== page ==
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THE SUPREME PSALM OF THE SANCTUARY
The title here was given by Fleming James, as quoted by McCullough. "The love of the psalmist for the temple here is not for its own sake, but for the sake of God's presence to be found there."
The great lesson for Christians here is: "If the ancient temple of the Hebrews inspired such loving devotion and joy as that revealed here, how much more wonderful indeed should be the joy and spiritual exultation of those who actually are in the spiritual body of the Son of God."?
This psalm is a favorite with many people; and almost everyone recalls a memory verse from it.
Due to the evident fact that the temple services were being conducted in the era when this psalm was written, and to the strong possibility that Psalms 84:9 is a reference to the "king," the psalm was composed during the monarchy, which means that the temple mentioned here was that of Solomon. The psalm is stated to be for the "Sons of Korah" in the superscription, but the actual author of it is unknown.
The psalm naturally falls into three divisions of four verses each, set apart in the text itself by the word "Selah," following Psalms 84:4,8.
We do not believe that any `pilgrimage' whatever is mentioned in the psalm, that conception having been imported into the psalm and supported by the RSV's butchering it with several impossible alterations and additions to the sacred text.
"How amiable are thy tabernacles, O Jehovah of Hosts!
My soul longeth, yea, even fainteth for the courts of Jehovah;
My heart and my flesh cry out unto the living God.
Yea, the sparrow hath found her a house, where she may lay her young,
Even thine altars, O Jehovah of hosts,
My King, and my God.
Blessed are they that dwell in thy house:
They will be still praising thee.
"Amiable" (Psalms 84:1). The marginal reading here is `lovely,' which appears preferable.
"My heart and my flesh cry out unto the living God" (Psalms 84:2). "Our hearts, O God, were made for thee; and never shall they rest until they rest in thee." These immortal words of Augustine always come to mind in the contemplation of the thought written here. There is a deep and unquenchable thirst in the hearts of all men for the knowledge of God, and nothing on earth can satisfy it except the worship and adoration of the Creator. Those who do not worship God do not have to wait until the Judgment Day to be lost; they are lost already. Apart from the love of God, no man has any sure anchor; but those who truly seek God and faithfully strive to serve him have laid hold upon the hope `in Christ,' "a hope both sure and stedfast and which enters into that which is within the veil" (Hebrews 6:19).
"The sparrow ... and the swallow" (Psalms 84:3). Small birds had built nests in the temple area, perhaps in crevices and small niches within the temple itself; but the mention of `altars' cannot be taken as a place where such nests were built. Daily fires upon the temple altars would surely have prevented that. The peace and security which these small creatures found in their temple location suggested to the psalmist the peace and security that he himself felt in coming there to worship.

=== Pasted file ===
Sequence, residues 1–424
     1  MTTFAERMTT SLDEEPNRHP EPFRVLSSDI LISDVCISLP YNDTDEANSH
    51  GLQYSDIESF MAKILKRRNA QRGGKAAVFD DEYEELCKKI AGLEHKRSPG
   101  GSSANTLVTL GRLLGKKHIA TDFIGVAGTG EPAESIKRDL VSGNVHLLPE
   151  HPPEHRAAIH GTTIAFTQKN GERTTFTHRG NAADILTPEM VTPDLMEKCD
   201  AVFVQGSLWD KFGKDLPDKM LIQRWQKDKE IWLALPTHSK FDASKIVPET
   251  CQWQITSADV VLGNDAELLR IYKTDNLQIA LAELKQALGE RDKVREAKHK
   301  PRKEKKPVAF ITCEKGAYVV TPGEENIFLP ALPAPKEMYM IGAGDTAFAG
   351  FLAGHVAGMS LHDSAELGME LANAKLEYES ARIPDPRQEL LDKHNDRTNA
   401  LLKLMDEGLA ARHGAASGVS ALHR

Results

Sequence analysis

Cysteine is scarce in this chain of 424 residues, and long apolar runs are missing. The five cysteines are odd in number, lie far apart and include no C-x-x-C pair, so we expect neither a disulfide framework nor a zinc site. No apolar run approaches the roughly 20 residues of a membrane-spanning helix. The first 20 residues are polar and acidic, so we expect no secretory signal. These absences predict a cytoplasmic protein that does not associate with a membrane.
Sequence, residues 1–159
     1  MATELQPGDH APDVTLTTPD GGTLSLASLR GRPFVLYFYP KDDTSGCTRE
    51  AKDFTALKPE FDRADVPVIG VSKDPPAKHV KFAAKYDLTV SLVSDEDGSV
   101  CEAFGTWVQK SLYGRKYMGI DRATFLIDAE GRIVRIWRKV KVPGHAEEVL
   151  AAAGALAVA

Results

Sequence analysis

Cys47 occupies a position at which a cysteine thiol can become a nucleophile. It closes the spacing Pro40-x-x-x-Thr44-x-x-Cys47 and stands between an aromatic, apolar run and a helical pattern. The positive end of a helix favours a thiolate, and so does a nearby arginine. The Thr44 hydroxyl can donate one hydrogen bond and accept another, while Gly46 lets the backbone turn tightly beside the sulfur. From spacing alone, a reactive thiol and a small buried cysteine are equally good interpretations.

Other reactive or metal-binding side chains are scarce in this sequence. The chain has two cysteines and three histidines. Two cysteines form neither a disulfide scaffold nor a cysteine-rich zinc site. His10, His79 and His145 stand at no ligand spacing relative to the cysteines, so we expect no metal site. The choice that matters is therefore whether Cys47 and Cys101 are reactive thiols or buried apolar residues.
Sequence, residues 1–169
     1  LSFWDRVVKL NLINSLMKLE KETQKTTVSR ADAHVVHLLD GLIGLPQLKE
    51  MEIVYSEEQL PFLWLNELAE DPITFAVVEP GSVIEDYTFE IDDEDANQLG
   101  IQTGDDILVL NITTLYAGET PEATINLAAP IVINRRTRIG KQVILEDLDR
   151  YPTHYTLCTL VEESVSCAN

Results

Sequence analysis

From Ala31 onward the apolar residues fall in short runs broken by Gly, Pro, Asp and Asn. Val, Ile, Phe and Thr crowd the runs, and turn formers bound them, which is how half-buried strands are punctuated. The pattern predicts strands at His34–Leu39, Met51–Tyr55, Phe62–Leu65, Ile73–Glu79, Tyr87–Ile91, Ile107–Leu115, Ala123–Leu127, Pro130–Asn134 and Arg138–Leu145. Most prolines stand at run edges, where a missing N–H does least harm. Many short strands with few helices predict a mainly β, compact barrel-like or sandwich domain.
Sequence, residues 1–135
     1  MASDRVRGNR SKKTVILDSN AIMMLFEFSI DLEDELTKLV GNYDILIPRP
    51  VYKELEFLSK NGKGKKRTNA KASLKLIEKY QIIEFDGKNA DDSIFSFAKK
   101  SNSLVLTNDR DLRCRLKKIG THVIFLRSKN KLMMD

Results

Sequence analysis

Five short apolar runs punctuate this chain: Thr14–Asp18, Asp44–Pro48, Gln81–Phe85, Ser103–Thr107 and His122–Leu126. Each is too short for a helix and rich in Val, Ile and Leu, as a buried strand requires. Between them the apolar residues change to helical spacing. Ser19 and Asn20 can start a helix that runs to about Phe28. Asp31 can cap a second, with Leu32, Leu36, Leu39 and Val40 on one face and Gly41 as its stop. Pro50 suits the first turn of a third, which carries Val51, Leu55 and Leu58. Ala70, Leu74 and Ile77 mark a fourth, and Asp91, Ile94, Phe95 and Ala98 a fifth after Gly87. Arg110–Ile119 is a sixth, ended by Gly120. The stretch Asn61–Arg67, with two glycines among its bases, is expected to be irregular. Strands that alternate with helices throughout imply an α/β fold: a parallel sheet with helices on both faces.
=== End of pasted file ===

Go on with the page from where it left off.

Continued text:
The mention of the safe nesting place of these tiny birds recalls the plaintive words of Our Savior, who said, "The foxes have holes, and the birds of the heaven have nests; but the Son of Man hath not where to lay his head" (Luke 9:58).
"Blessed are they that dwell in thy house" (Psalms 84:4). This blessing of God's worshippers occurs in all three divisions of the psalm, in the last verse of Division No. 1, in the first verse of Division No. 2, and in the last verse of Division No. 3.
The intense longing of the psalmist for his presence in God's temple has been used by some as evidence that the psalmist was at the time of this hymn compelled to be absent from the temple, either by exile, illness, or some other hindrance. We cannot find any evidence whatever of such a thing in the psalm.
"The longing after God and the sanctuary, in the first part of this psalm, does not necessarily imply exile from its premises; because such longings for God may be felt when men are nearest to Him, and are, in fact, an element of that nearness."
"Blessed is the man whose strength is in thee;
In whose heart are the highways to Zion.
Passing through the valley of Weeping they make it a place of springs;
Yea, the early rain covereth it with blessings.
They go from strength to strength;
Every one of them appeareth before God in Zion.
O Jehovah God of hosts, hear my prayer;
Give ear, O God of Jacob. (Selah)"
"In whose heart are the highways to Zion" (Psalms 84:5). This is the verse that is seized upon by some writers as an excuse for calling this psalm a pilgrimage hymn; but the translation, even in our version is strongly suspect. The words "to Zion" is in italics, indicating that they are not in the Bible at all but have been added by translators.
The current popular opinion that makes this psalm a pilgrimage song is founded upon a single word in Psalms 84:5 ("ways") which never means pilgrimage but is constantly treated as if it did.